It is easy to blame Madoff. But the Madoffs of the world are to be expected. That is why taxpayer dollars were used to fund the SEC. That is why taxpayer dollars were used to fund Congress which, in 1970 (before America was broken), enacted the Securities Investor Protection Act ("SIPA"), which created SIPC to establish a fund to insure victims of a broker's dishonesty.
We all know the story:
The SEC personnel accepted taxpayer-paid salaries and, instead of policing the securities industry, they sat at their computers watching pornographic movies until they put in enough time to earn themselves high-paying jobs on Wall Street.
FINRA, which was supposed to regulate the securities industry, became the protectors and perpetuators of corporate corruption.
SIPC, which was supposed to insure investors decided, instead, to provide free SIPC insurance to its members (a mere $150/year/firm) and to persecute investors whose funds were stolen by dishonest brokers.
Irving Picard, the SIPC trustee, who has a fiduciary duty to the investors, decided to sell his soul to SIPC for $1.4 million/week.
In sum, Madoff's victims were swindled by the system and the government. But the wonderful thing about this book is that its 29 contributors are not bitter. You cannot help but love these people when you read their stories. To take just a few:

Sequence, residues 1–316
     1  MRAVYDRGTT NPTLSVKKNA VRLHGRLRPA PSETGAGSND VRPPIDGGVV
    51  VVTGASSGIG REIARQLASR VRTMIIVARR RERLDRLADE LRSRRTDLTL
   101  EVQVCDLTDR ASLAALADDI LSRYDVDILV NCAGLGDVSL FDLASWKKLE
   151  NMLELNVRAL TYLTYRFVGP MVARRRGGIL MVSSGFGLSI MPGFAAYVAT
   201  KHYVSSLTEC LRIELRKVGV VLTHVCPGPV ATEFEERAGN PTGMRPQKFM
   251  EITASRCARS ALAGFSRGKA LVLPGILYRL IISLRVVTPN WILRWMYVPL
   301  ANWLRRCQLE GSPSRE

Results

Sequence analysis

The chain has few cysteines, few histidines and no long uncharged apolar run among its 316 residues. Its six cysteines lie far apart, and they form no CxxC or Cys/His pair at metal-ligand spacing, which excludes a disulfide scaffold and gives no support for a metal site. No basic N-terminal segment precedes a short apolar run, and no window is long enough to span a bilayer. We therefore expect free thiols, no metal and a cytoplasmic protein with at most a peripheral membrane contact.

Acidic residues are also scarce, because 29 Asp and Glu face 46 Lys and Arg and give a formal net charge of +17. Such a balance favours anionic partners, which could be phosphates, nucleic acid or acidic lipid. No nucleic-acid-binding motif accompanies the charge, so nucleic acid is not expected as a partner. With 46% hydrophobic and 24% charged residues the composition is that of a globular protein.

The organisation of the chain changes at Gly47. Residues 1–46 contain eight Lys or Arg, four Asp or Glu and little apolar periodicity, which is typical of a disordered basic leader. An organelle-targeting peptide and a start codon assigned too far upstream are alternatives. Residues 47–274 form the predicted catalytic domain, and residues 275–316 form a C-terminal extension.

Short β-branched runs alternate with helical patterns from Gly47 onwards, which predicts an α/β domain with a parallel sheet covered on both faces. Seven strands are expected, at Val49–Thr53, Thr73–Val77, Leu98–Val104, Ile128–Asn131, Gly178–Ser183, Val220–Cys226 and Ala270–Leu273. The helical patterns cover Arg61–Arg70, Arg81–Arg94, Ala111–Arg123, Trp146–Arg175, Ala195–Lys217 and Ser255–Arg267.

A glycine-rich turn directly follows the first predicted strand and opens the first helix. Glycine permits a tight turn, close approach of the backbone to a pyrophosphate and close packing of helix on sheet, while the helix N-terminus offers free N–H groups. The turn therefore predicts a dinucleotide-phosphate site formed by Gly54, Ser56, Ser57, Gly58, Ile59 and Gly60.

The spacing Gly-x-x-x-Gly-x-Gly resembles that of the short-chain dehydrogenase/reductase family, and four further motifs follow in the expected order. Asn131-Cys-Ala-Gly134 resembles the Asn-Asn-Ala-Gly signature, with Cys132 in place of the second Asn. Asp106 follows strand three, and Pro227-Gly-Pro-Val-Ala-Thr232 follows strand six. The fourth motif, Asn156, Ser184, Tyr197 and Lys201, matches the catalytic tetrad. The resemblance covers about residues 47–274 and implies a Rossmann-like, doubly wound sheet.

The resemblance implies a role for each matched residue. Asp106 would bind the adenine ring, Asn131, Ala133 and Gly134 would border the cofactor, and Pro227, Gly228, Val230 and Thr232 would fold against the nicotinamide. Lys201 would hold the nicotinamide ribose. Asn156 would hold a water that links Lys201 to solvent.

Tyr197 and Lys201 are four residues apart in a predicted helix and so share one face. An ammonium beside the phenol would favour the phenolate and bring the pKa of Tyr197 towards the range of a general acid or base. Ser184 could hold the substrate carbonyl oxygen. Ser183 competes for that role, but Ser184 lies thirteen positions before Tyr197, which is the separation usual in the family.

“SM” grew up in a 1,200 square foot house surrounded by tomato fields. She went barefoot and never worried about clothes matching. She invested her total life savings -- $20,000 – in Madoff in 1992. It wasn’t a huge amount of money in 2008 but it was enough to keep her comfortable in her old age. She has lost her financial security but she is still kind, loving and so much more.
Mary Thomajan was looking forward to retirement in Santa Fe, focusing on funding a Center for Community and Courageous Change. She lost everything. But she learned that "none of the stuff was me-not my money, nor my home, nor my clothes, my jaguar, my sassy red hair, my identity." The truth she came to recognize is that "we don't own anything...We are just tenants here, little columns of energy." But she has learned from a wise teacher in India who answered the question: “What does a man have when he has lost everything?” The answer was “Freedom.”
You will love and admire Sarah Fisk. When she learned that friends of hers had lost money in Madoff, she felt sympathetic but superior – as if they must have done something wrong to have been so victimized. Then she learned that the fund in which she had put her life savings had invested all the money in Madoff. And she learned that the reaction of the press of finding fault with the victims is a totally human, but unfortunate reaction of people who would rather blame the victims than accept their own vulnerability.
You will weep with admiration for Emma De Vita, a woman born at the time of the Great Depression, from a working class background, who has turned her tragedy into political activism.
What all of these people have in common is that they have determined to try to fix America. For this we should all be very grateful because we need an awful lot of fixing.
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Book Description The Doukathsan Press, 2010. Paperback. Book Condition: New. Never used!. Bookseller Inventory # P110982250932
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Book Description The Doukathsan Press. PAPERBACK. Book Condition: New. 0982250932 New Condition. Bookseller Inventory # NEW7.0555697